Ah, puppies! These lively, excitable little bundles of joy can breathe new energy and excitement into a home, but without proper care and training they can also create a lot of chaos. Learn how basic training and management can prevent unwanted behaviors and protect your puppy from the world—and themselves—with this five-step guide from South Shores Pet Clinic.
#1: Watch me—supervising your puppy
Who doesn’t want to stare at a puppy all day? Their irresistible charm makes this an easy task, plus puppies need constant supervision when they are outside their crate or pen. Like a toddler, puppies can cause big trouble in only a few moments. When they do, your puppy’s health, safety, and training are at risk—and each time your puppy rehearses an undesirable behavior (e.g., chewing, escaping, house soiling), that will more likely become a habit.
As a general rule, if you cannot give your puppy your undivided attention, keep them in their crate or pen. Alternatively, you can tether the puppy to your body with a hands-free leash, which can be a great way to teach them boundaries as you go about household tasks, although an attentive owner is still required. Never tether your puppy to a stationary object to prevent strangulation and injury.
#2: Protect me—secure your puppy’s environment
Puppies have a knack for finding the most dangerous item in a room, and then attempting to chew on, play with, or eat the hazard. They’re not being dumb, difficult, or “bad”—they’re simply following their instincts. Puppies explore and learn from their environment through smell and taste. Chewing also alleviates their teething pain and releases feel-good endorphins in the puppy’s brain.
Rather than disciplining your puppy or experiencing a veterinary emergency, ensure your home is completely puppy-proofed. Ensure all dangerous items are out of your puppy’s reach, including:
- Electrical cords
- External doors
- Open windows
- Medications and supplements
- Household toxins
- Toxic plants
- Breakable items
- Decorations—especially anything that includes a string or dangling ornaments
#3: Manage me—maintain a consistent puppy routine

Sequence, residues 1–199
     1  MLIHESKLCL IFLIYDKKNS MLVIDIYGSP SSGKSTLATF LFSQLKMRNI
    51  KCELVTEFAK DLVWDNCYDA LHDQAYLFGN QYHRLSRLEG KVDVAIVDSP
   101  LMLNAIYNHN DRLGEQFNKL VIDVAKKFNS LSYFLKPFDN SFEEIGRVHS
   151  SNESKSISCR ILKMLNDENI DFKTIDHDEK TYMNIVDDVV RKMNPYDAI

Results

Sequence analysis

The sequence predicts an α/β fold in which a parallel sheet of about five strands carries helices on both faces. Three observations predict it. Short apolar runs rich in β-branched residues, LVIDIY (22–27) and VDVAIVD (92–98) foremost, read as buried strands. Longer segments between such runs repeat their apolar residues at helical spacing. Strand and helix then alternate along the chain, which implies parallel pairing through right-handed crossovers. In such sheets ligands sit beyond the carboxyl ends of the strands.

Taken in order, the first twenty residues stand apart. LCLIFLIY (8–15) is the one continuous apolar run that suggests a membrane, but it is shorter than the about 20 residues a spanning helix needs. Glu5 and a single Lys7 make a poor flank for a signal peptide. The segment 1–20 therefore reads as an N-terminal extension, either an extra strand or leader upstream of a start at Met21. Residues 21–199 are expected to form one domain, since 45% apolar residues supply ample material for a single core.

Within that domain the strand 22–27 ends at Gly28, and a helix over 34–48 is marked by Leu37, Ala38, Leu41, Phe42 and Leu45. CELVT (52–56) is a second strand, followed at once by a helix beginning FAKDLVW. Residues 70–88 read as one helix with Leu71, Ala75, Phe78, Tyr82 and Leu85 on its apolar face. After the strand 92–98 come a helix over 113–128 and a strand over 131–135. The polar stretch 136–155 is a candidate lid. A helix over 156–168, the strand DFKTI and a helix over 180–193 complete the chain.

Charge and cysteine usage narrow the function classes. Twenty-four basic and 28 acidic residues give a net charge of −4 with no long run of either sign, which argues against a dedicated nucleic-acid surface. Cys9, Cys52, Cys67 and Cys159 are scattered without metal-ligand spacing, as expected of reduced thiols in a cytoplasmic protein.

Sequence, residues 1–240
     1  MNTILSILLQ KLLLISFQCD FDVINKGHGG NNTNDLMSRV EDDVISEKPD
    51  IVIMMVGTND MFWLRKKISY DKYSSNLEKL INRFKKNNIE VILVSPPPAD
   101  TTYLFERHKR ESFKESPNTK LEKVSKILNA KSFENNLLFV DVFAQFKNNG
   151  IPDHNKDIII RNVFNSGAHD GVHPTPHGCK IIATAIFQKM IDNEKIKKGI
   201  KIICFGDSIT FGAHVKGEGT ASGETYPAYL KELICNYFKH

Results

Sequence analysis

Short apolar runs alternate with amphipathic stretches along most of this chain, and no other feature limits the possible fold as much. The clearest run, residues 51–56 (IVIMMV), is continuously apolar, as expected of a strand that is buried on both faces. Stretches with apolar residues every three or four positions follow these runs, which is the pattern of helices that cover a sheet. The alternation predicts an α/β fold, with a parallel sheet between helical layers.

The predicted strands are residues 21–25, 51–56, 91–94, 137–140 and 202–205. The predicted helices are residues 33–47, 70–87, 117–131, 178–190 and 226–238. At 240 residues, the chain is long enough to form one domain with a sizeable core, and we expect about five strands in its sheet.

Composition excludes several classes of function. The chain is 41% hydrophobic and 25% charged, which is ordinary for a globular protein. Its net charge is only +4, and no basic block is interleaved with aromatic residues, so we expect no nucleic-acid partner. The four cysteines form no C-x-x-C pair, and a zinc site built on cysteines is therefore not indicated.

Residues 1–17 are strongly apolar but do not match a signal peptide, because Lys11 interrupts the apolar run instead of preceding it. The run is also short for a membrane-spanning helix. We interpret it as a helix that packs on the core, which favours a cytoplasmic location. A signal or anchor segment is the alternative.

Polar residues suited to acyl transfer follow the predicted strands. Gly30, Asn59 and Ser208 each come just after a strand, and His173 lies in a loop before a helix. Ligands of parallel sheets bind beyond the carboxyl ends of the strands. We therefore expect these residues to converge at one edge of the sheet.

Maintaining a consistent routine is one of the most instrumental, but most overlooked, ways to prevent common puppy behavior problems. To ensure your puppy learns what you expect, they must know what to expect from their environment. Like us, dogs and puppies feel safe when they know what’s coming next.
While finding the right rhythm for you both will take time—from a few days to a week, or more—try to be consistent with your puppy’s primary needs, including:
- Food and water — Feed your puppy several small meals at scheduled times each day. Scheduling meals prevents picky eating, and creates predictable elimination habits, which improve your puppy’s house training. Remove your puppy’s water bowl a few hours before bedtime, to reduce their need for overnight potty breaks.
- Rest — Rest is essential for puppy health and development, and crate training is a great way to ensure your puppy rests at regular intervals. As your puppy grows, so will the length between their naps, although this can lead to over-arousal behaviors (e.g., nipping, humping, jumping up) because the puppy is overtired. Keeping them on a schedule will help them learn self-control.
- Exercise — Regular, low-impact exercise sessions help your puppy mentally and physically. Stick to gentle toy play, brief chase sessions, and short leash walks until your South Shores Pet Clinic veterinarian says your puppy is old enough for more physical activity (e.g., jumping, sustained running, repetitive fetch).
- Separation — Ensure your puppy has daily alone time in their crate or pen. Provide a fun distraction, such as a food-stuffed Kong, and quietly leave home while your puppy is preoccupied. Short, positive sessions will help your puppy learn to be alone and will help prevent separation anxiety.
#4: Show me—teach your puppy with kindness
Puppies learn by acting on their environment, making choices, and experiencing the good or bad consequences. By simply remembering these principles, you can give your puppy a clearer understanding of their world:
- Be on their side — In every circumstance, make the right choices easy and the wrong choices difficult.
- Use consistent commands and tone — Mixed messages will slow your puppy’s learning.
- Set them up for success — If you haven’t provided proper chew toys, don’t be surprised when the puppy chews on your table legs. And, why were they unsupervised?
- Mistakes happen — As puppies grow and develop, they may need gentle reminders on how to behave, but these setbacks are normal, especially during adolescence. Do not punish or scold them when a kind reminder will suffice.
#5: Engage me—show your puppy the world
Proper socialization helps your puppy build positive associations with everything from people, to activities (e.g., grooming, veterinary visits), to objects (e.g., vacuum cleaner, nail trimmers), and prevents fearful, reactive, or aggressive behavior.
Your puppy’s safety and confidence are always your number one priority. Introduce new things slowly, and watch your puppy’s body language for stress signs. If your puppy repeatedly demonstrates worsening fear or panic in new situations, consult a professional trainer.
Love me—enjoy your puppy
Puppies are a labor of love, but with these five steps, you can ensure their early life is full of confidence-building fun. For additional puppy training advice or to schedule your puppy’s next visit, contact South Shores Pet Clinic.